Mental Health in the Workplace

Bringing up the topic of your mental health at work can feel incredibly taboo. All too often, by the time you choose to bring up mental health concerns, it has become a dire scenario, and it already feels too difficult to function in the workplace. Waiting this long to take action provides little opportunity for change for both the individual’s health or the company’s ability to do something about it.

Since the pandemic began, anxiety, depression, and burnout have been on the rise. This increase has inspired more attention to mental health in all areas of our lives, including the workplace. Recently, the Harvard Business Review conducted studies on employees’ experiences of the workplace, and two-thirds of their participants said they talked to someone at work in the past year about their mental health; whereas, only 49% stated this was a positive experience.

As a community, we need to be exploring more how we can have a work culture that supports mental health and how to have these tough conversations about our wellness. This blog explores ways to reflect on the impact of our workplace and encourages a cultural shift towards employee wellness.

Impact of a Workplace that Does not Value Mental Health

When there is a stigma or a lack of regard for an employee’s mental wellness, it creates negative outcomes for both the employer and the individuals.  This can look like being asked to work more than the regular workweek, being unable or encouraged not to take time off, little flexibility in your responsibilities, or your stress level being unconsidered.

Most workplaces offer support like an Employee Assistance Program or wellness initiatives. Though these are good things, they are not enough if the employer does not look at what is causing stress at work.

According to the Work and Wellbeing Study of 2021, employees who are stressed at work are three times more likely to seek new employment than employees who are less tense. Some factors that contribute to this are discrimination in the workplace, working long hours, lack of involvement in decision making, and low salary. When these stresses go unaddressed and personal lives are dismissed, employees become burned out and question if they want to stay at their place of employment.

Ways to Support Your Mental Health at Work

We have a pretty clear idea of what is not working for the employee’s mental health at work, so let’s look at what can help provide change.

  1. Connection at Work: With the pandemic, work culture can be even more isolated with socially distancing and working from home. Finding ways to connect to a supervisor or co-workers can help build a sense of belonging and support.

Are you able to discuss your stress level with your supervisor? Is there time to have a brainstorming session with a co-worker?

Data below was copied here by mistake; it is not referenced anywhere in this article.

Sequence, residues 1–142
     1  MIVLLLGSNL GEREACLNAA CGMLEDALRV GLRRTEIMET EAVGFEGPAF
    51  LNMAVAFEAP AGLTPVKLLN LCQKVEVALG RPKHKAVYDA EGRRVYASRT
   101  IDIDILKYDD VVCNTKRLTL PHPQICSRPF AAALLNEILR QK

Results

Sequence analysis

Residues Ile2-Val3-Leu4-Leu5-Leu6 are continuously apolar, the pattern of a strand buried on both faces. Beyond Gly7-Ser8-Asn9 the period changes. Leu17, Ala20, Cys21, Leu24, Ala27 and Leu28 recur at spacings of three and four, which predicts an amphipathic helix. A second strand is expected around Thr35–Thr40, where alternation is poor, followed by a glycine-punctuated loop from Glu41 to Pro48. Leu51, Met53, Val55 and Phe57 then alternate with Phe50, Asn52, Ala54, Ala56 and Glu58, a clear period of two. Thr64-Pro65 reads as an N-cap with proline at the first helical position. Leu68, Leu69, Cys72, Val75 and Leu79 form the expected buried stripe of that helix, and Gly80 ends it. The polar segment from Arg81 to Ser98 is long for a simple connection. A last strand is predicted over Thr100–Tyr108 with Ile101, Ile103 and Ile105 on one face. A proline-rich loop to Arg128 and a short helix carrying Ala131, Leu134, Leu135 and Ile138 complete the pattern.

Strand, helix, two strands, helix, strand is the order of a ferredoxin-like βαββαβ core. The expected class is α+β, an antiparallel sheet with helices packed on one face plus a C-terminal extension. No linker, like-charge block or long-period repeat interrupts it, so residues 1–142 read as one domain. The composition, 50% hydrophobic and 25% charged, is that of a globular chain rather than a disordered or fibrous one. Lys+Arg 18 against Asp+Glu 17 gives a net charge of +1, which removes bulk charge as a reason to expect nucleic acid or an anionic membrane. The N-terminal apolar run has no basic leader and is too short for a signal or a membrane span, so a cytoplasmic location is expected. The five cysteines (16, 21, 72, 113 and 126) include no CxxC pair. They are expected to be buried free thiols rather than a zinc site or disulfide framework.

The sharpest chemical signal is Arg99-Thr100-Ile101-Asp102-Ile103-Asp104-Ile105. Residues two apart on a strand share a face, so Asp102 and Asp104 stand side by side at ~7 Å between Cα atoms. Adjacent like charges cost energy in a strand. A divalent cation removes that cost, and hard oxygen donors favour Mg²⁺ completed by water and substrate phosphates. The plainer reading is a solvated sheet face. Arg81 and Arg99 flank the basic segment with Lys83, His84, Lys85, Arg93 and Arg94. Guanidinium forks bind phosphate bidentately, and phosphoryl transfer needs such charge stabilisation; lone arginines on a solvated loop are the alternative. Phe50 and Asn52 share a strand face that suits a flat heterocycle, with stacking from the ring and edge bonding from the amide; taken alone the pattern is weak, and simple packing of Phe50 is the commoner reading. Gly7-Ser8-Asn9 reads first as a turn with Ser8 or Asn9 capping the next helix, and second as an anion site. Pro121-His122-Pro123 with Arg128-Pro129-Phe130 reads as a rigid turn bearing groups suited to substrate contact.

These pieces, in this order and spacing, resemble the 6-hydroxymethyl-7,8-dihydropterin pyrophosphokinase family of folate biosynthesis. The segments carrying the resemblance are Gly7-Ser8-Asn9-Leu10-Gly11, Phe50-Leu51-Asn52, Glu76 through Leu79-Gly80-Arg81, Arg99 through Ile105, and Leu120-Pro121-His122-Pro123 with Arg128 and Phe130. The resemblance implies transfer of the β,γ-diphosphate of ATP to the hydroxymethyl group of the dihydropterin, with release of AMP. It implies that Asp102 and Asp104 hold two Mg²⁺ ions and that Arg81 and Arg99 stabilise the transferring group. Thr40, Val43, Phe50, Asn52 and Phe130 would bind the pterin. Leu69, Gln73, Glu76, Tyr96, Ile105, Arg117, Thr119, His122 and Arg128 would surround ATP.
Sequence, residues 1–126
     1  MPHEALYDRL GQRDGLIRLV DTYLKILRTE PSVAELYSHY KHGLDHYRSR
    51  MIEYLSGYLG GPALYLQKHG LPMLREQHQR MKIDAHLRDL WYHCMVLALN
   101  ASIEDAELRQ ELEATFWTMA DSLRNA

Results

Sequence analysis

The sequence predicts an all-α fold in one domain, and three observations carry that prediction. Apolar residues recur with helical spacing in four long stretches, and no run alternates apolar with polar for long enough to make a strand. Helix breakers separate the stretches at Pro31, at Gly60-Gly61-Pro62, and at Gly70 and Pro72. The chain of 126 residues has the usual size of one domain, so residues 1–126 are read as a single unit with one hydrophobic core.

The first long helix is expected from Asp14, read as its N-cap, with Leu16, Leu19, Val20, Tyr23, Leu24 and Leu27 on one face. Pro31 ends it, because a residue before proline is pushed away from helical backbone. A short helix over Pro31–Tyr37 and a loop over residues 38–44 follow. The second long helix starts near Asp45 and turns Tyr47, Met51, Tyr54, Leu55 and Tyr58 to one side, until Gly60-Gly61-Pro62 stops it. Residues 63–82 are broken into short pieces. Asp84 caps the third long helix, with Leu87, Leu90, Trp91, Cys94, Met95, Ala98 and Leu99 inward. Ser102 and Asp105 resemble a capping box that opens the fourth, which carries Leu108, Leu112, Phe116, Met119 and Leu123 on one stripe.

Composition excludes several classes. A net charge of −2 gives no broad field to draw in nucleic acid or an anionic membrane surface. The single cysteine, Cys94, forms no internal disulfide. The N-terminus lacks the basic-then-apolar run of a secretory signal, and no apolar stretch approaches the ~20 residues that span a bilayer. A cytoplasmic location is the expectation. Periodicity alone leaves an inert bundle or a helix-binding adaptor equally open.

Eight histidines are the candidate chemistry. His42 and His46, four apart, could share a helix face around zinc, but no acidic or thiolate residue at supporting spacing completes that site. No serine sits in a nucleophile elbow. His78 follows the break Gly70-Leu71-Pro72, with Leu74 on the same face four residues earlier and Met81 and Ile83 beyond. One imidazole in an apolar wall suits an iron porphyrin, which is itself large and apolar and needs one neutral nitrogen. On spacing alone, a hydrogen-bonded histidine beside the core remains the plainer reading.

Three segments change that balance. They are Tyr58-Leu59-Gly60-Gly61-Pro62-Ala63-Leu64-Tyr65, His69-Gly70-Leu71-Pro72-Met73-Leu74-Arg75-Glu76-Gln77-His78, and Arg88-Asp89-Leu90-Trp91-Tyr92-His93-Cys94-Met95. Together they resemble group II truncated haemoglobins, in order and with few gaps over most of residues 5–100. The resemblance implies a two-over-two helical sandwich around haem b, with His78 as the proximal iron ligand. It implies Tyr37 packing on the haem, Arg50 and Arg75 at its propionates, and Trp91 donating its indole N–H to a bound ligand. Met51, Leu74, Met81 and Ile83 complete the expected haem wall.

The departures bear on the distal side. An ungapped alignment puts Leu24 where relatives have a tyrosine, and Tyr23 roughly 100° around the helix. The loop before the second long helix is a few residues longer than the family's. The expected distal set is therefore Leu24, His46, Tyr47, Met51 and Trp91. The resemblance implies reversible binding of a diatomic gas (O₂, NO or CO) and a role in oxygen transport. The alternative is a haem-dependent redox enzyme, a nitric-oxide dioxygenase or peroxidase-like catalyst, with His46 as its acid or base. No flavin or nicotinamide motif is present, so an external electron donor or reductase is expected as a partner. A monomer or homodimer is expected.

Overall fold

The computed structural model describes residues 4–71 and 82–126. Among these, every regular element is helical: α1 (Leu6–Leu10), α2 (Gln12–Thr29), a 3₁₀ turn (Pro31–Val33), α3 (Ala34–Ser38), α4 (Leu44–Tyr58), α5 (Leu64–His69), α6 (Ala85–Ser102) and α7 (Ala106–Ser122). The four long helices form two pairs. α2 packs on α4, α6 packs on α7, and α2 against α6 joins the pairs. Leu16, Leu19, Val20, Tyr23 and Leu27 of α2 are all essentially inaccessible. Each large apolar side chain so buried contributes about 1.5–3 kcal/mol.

1. Work-Life Balance: This can look like maintaining boundaries so that there is time for you to care for your personal life. Are you able to disconnect from your work email? If something comes up with your children, are you able to leave early to care for them? Are you taking all available PTO offered to care for yourself?
  2. Growth and Development: If you feel stagnant or chronically bored at work, you may need a new opportunity. Is there a new skill you would like to learn or a training you are interested in? Are there opportunities to grow in your company so that you feel more involved and challenged?
  3. Mental Health Trainings: Leaders and supervisors trained to understand mental health in the workplace will be more effective at navigating these difficult conversations. It’s important to remember that employees of all levels experience difficulties with stress in one way or another, so this supports the entire team.

Your actions and your employer’s actions are both necessary to create a workplace culture that emphasizes mental health. If you do not feel like you can discuss any changes with your supervisor or even HR, it may be time to seek support outside of work.

Value Your Mental Health

Whether or not your employer is willing to take mental health seriously, it needs to be prioritized by you. Addressing the source of your stress and exploring potential solutions could be life-changing. Taking a mental health day to reflect on your needs to help lower stress can be helpful to know how to move forward.

Pure Health Center is here to support individuals in understanding how work impacts mental health and can aid in creating goals to help place more attention on wellness.

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